Back in junior high school, they made us take something called industrial arts, AKA shop class. They weren't going to turn a bunch of twelve-year-old kids loose on arc welders or grinders, but there was a shiny little jigsaw that we got to use.
Before we could even look at the thing, our teacher, Mr. Leatherwood, spread out his hand in front of the class and started yelling about safety while we all counted his fingers and noticed he was one short. He told a bloody tale about saw blades and paying attention to your work and waved that hand at us to prove his point. It was unsettling, but effective. The whole lot of us made it through 7th grade with all of our fingers. That’s one way to improve workplace safety, but let’s talk about a few that are less extreme.
Make Identifying Safety Risks Everyone’s Responsibility
In order to provide a safe environment for your employees, customers and guests, everyone must work together to identify opportunities to improve safety. Front line employees are often in the very best position to recognize risks and suggest solutions. Unfortunately, though, in many companies, these employees are not empowered to act and do not feel it is their place to question management decisions. Changing this mindset is the first step to improved safety.
Make Reporting Risks Easy
Once you’ve extended the authority and responsibility to report hazards to every employee, you need to give them an easy way to identify, document and report the problem. Ideally, the solution would be available on mobile devices so that issues can be reported immediately from anywhere. It should be easy to use, yet sophisticated enough to capture the details of each opportunity for improvement. Employees should be able to add supporting documentation or photos that will help in the resolution of safety issues.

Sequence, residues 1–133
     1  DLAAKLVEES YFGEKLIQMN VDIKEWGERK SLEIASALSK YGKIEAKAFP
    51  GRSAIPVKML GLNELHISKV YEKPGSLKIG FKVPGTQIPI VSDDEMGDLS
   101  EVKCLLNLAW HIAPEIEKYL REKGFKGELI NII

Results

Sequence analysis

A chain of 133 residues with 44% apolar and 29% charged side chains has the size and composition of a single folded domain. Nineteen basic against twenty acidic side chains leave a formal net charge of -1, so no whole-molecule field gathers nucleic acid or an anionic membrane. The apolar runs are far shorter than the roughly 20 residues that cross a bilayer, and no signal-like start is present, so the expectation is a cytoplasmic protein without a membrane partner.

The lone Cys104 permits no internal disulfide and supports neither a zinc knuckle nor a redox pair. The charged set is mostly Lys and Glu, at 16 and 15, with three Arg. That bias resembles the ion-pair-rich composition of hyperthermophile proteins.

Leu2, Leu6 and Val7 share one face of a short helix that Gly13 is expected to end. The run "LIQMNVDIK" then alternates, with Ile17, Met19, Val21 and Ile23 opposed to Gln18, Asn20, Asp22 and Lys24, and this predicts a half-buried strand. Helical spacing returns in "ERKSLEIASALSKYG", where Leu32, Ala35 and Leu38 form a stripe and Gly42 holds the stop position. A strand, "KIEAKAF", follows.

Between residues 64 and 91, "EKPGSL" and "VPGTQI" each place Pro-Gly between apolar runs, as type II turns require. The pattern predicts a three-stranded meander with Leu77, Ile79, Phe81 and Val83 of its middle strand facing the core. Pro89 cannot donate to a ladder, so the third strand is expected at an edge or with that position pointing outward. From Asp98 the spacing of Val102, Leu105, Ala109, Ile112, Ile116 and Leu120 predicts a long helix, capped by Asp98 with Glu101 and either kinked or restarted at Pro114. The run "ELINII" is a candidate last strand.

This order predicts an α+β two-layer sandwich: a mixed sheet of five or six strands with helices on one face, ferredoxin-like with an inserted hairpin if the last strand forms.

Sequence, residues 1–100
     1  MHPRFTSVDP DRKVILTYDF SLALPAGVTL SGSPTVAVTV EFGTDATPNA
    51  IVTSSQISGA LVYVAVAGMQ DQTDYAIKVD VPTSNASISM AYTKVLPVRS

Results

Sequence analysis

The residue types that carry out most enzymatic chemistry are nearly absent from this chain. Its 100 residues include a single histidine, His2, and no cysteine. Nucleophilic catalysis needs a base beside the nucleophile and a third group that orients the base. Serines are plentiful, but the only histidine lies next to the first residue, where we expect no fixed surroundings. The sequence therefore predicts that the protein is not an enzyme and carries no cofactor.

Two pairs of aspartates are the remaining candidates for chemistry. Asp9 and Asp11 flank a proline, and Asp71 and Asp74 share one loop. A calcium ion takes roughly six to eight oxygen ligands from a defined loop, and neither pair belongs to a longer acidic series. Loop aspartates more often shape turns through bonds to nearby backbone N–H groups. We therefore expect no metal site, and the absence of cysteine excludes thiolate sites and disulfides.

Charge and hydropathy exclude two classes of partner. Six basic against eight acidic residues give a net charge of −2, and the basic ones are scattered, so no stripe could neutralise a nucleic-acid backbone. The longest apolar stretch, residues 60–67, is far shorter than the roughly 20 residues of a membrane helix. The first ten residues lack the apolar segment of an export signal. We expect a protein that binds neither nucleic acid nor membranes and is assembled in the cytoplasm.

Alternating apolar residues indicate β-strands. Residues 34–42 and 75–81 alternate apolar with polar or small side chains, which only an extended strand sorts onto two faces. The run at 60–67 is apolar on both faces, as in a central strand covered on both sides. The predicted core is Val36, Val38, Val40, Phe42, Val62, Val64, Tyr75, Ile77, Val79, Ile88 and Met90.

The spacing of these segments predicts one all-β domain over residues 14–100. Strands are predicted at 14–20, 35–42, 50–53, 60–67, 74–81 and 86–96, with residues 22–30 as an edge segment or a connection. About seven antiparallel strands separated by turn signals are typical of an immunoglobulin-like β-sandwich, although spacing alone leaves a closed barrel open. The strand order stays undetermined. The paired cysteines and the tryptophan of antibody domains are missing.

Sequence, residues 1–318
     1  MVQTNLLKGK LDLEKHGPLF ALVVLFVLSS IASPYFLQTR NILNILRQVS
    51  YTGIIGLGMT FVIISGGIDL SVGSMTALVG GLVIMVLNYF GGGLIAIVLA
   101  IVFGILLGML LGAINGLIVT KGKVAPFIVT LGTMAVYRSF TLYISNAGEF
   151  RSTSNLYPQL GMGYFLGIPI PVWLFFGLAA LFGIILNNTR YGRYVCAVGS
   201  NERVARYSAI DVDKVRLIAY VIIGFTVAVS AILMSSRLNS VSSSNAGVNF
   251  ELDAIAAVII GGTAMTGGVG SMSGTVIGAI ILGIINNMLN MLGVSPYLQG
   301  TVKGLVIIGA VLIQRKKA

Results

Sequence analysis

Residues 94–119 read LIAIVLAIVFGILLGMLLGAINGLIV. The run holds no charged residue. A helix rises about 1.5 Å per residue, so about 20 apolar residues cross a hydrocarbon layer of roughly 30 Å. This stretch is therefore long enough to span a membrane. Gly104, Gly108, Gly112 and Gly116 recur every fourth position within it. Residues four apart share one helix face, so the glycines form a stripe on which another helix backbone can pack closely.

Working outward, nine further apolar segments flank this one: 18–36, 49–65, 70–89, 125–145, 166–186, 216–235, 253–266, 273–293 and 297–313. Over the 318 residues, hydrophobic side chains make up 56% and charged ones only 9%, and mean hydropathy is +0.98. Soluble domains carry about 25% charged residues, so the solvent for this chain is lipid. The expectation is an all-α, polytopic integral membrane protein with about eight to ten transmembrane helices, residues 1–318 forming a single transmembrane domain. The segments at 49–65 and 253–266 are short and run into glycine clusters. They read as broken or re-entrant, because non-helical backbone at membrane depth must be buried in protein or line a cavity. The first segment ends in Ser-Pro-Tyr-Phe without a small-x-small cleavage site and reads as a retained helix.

Structure the Process for Risk Resolution
Once a safety risk is identified, there needs to be a specific process in place to address the problem. Automated workflows, with notifications and alerts, should be used to make sure that each risk is assessed and that a solution is approved and implemented. A business management technology that supports this process can also be used to document the process and measure the impact of changes.
Recognize and Reward Employees who Help Reduce Risk
As I said earlier, front line employees are your best weapon for improving safety. It is important to recognize and reward those who identify problems and work to solve them. Choose a business management solution that makes it easy to see who has offered the most opportunities for improvement and who has managed, worked on or contributed to each positive change.
Providing a safe environment for every person who comes in contact with your business is a fundamental responsibility, but you can’t do it alone. Using these techniques will help enlist everyone in the cause and make resolving safety issues a smooth and painless process. When it comes to safety, hindsight is just too expensive.